Now that you've seen publish/subscribe in action
let's take a look behind the curtains
and see what's going on.
If you haven't seen the publish/subscribe sample yet
take a minute to walk through it here or start from creating a new project using NServiceBus.
The main thing to understand is this:
Subscribers let the publisher know they're interested,
and the publisher stores their addresses so that
it knows where to send which message.
It's fairly straight-forward, once you know how it all works.
Before we get started...
One of the common assumptions people have about pub/sub messaging is that it's about physical one-to-many communication. The only thing is, that at the physical level pub/sub isn't that interesting. It's only when we talk about publishing logical events from one logical area of responsibility to other logically interested parties that we find the value.
NServiceBus has infrastructure pieces that handle the physical distribution and one-to-many message dispatch many look for in pub/sub - but those are quite transparent to the programming model. Let's take a look at the overlay of logical pub/sub and physical distribution one step at a time.
The above diagram shows us one logical publisher P1, and two logical subscribers S_A and S_B. Each has a number of physical nodes (colored in blue) and some NServiceBus infrastructure (colored in orange). For now, we're going to assume that both S_A and S_B are already subscribed, each specifying the left port of its distributor as its public endpoint.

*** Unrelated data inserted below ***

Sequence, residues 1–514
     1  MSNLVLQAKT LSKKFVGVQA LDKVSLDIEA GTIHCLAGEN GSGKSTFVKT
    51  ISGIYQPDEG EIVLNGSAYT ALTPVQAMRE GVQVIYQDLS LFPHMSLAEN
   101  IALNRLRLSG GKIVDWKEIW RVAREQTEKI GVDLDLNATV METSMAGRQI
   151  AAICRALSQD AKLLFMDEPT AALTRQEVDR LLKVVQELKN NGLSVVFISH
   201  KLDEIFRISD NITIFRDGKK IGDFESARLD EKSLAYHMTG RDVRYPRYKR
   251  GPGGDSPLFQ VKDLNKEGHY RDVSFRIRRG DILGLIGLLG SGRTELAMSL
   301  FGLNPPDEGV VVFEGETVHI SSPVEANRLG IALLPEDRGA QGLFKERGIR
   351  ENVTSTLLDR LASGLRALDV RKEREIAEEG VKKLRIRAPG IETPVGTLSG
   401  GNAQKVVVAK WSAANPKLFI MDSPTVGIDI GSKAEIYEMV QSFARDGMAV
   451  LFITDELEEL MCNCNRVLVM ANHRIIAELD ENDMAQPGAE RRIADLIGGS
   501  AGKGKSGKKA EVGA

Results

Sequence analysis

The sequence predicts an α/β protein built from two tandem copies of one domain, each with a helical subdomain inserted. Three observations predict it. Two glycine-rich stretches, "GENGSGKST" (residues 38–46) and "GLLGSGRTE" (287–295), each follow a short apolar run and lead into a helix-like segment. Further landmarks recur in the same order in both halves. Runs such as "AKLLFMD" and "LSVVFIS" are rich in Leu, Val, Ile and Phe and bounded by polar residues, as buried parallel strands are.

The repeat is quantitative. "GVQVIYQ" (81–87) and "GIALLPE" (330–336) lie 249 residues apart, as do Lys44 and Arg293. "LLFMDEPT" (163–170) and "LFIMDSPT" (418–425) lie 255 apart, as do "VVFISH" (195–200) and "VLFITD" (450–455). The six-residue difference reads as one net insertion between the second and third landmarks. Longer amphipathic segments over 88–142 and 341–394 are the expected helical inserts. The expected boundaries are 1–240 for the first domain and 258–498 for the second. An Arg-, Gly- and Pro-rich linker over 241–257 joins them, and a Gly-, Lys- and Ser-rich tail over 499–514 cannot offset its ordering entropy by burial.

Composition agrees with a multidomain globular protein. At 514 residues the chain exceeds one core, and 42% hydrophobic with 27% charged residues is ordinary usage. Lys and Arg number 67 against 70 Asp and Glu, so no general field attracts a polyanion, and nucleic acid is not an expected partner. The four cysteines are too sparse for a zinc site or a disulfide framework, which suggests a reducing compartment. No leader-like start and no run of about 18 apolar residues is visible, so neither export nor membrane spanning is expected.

What happens when we publish
When a node in the logical publisher P1 goes to publish a message, here's what happens:
When requested by applicative logic to publish a message, the NServiceBus infrastructure contacts its configured subscriptions database, finds all the subscriber endpoints registered for the given message type, and dispatches a physical message to each one.
Since one-way messaging is used to dispatch physical messages, even if one of the subscriber endpoints is offline or otherwise unavailable, this does not cause the publishing thread to block. The message gets stored in the sending machine's outgoing queue (for a configurable period of time), all the while the messaging infrastructure attempts to get the message to its destination.
What the distributor does
All the distributor does at this point is forward the message it received to another node:
You can think of the distributor as something like a load balancer - it distributes the messages coming to it to a number of other machines. This kind of physical one-to-many communication is needed for scaling out the number of machines running for a given subscriber, but doesn't actually entail any pub/sub. Each subscriber gets its own distributor and each of them decides independently to which machine it will pass its messages
See here for more information on the distributor.
The same for any publisher node
It doesn't matter which node in the publisher is publishing a message, the same process happens:
What this means is that you can scale out the number of publishing nodes just by making use of a database for storing subscriptions - no need for a distributor. When using the generic NServiceBus Host process you get this by default in its production profile.